“It felt safe. It’s home.” — Tammy Calhoun, as told to Nancy D. Lackey Shaffer
“You always felt at home.”
“Needless to say I was shocked by the news of the Vagabond closing and so soon. When my daughter, Linda, told me the news, I could not believe it. I guess like everyone else in Ventura and the surrounding area, the news came as a complete surprise and an unpleasant one at that!
“The Vagabond has been there on Thompson Street forever or so it seems, especially to those of us who have frequented it over the years. I could write a lot of stories about the times both me and my family have been there. We always got served in a timely manner and the food was always good and quantities were more than enough. The waitresses were usually friendly and most of them had a quick wit and left you smiling or laughing.
“One of the most memorable times I remember being at the Vagabond is the day of the 1994 Northridge earthquake. I think everyone remembers the earthquake that year, at least everyone who was living in Ventura and Los Angeles areas.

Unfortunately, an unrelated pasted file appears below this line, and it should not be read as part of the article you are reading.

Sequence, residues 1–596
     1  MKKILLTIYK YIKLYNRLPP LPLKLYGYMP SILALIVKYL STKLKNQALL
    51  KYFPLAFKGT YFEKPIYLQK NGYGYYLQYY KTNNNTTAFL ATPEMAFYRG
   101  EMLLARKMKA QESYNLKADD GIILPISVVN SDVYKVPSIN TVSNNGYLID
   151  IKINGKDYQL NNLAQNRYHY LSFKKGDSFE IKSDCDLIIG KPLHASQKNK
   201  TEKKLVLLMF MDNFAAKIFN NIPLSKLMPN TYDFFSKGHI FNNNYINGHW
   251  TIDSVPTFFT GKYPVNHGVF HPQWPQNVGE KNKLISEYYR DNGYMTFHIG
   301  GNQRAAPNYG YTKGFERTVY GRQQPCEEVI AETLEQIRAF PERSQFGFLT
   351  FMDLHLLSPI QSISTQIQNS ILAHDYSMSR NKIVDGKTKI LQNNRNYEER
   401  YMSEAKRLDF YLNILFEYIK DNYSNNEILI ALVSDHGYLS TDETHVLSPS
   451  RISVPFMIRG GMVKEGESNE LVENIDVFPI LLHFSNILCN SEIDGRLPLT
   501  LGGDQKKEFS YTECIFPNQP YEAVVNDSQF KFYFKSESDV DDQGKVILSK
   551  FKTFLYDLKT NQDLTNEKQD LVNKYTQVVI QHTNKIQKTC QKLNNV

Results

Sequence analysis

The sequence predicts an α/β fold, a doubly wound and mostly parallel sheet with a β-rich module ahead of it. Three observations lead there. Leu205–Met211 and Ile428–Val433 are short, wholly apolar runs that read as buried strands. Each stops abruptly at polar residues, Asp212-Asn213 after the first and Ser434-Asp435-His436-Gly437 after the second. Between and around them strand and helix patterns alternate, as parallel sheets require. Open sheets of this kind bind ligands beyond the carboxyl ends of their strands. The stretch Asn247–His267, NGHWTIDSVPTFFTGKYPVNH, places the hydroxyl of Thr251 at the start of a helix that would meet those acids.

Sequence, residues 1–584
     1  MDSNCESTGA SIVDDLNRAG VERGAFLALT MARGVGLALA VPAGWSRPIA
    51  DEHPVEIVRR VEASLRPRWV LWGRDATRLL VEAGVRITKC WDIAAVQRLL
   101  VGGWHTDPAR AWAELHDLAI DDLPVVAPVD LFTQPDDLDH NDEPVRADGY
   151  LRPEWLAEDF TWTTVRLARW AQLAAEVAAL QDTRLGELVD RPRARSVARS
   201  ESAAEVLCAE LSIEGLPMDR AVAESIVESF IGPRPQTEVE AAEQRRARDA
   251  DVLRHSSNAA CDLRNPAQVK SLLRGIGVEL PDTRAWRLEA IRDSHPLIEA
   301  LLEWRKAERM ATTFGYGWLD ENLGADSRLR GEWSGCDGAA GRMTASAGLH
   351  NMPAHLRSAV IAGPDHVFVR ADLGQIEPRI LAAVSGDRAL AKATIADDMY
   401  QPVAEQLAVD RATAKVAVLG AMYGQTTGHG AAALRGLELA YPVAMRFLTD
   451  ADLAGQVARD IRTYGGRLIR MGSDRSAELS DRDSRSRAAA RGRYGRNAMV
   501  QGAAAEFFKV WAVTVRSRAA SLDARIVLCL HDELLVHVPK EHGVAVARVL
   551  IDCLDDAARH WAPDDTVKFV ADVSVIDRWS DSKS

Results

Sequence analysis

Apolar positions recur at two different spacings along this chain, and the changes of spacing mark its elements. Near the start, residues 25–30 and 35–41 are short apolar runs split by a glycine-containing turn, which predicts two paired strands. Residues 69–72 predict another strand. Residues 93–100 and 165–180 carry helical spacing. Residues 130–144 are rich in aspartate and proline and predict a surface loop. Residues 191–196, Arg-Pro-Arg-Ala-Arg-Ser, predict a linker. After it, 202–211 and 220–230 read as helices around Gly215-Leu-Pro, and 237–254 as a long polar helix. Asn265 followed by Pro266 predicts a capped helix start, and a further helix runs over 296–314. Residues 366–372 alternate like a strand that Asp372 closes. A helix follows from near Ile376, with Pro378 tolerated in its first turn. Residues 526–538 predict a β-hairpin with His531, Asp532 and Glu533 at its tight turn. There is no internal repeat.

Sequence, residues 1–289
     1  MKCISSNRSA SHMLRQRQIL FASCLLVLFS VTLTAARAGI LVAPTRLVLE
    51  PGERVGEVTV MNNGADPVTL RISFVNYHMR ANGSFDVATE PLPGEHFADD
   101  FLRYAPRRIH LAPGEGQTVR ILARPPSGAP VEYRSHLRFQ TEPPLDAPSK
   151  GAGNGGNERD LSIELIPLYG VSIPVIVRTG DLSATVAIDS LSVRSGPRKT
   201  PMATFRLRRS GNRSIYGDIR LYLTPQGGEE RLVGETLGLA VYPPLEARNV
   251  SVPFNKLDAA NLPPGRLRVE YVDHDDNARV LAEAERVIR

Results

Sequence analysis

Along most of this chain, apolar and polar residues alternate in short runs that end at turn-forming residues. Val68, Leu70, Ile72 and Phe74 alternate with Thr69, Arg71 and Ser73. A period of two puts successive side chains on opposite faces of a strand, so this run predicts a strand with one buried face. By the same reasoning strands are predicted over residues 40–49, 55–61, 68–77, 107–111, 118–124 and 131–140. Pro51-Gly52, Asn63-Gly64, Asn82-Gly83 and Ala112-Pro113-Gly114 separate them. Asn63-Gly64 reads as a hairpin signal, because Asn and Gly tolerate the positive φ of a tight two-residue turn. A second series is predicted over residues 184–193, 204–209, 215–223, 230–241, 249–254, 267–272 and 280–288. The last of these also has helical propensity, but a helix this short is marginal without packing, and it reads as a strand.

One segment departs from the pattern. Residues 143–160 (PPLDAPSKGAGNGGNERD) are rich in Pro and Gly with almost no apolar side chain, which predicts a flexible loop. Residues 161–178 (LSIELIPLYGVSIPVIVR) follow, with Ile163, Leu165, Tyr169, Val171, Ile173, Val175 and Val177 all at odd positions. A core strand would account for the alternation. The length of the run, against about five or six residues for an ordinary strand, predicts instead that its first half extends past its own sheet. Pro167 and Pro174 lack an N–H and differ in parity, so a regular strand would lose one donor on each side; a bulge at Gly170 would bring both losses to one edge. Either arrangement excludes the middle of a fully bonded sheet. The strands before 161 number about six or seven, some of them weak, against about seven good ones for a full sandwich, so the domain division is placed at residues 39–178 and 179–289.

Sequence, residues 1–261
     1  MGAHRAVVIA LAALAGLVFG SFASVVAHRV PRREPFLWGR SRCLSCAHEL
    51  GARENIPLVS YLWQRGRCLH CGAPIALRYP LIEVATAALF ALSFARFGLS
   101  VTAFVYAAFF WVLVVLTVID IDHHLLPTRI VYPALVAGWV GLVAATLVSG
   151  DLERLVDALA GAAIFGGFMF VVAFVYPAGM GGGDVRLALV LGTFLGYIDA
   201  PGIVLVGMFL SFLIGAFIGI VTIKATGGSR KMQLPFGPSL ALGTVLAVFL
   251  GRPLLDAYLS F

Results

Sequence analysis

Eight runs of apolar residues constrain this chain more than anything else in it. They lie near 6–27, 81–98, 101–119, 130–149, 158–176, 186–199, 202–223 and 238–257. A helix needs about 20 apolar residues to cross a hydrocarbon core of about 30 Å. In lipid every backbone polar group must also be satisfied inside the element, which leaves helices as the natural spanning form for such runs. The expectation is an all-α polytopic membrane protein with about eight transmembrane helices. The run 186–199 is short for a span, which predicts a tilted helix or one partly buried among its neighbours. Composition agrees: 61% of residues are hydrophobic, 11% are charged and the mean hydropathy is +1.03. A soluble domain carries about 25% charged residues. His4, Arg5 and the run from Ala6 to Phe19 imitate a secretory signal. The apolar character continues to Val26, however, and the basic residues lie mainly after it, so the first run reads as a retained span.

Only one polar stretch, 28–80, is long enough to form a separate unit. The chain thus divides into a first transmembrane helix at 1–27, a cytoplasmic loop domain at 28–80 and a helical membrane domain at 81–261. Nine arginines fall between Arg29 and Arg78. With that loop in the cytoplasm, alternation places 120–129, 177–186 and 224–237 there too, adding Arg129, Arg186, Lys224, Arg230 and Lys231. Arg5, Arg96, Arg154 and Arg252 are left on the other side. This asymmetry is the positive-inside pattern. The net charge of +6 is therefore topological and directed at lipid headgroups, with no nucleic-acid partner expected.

“My daughter Linda and I lived in the same apartment complex and so that morning after I had been wakened by the noise and shaking of the bed around 4:30 a.m., I was in a state of shock. Around 6 a.m., Linda called me to make sure I was OK. Shortly after, she arrived at my door with a worried expression on her face. Neither of us had electricity and so being that we were addicted to caffeine, we decided to walk down the street to see if the Vagabond was open. The Vagabond was our “go to” place almost any time we needed comfort food and coffee.
“As we walked, there were not many people around and the few who were wore anxious expressions on their faces. When we got to the Vagabond, it looked closed, but after a closer look we could see people sitting in the booths. We went in and although the place was dim, we could smell coffee brewing and food cooking. The receptionist assured us that there was a limited menu and they had coffee brewing. It smelled heavenly at that point and we managed to get a seat right away and placed our order, which included coffee of course.
“We settled in and after a few sips of coffee, we felt comfortable and at home. That’s the feeling we liked about the Vagabond. You always felt at home. I know I will miss going there.” — Marion Glennon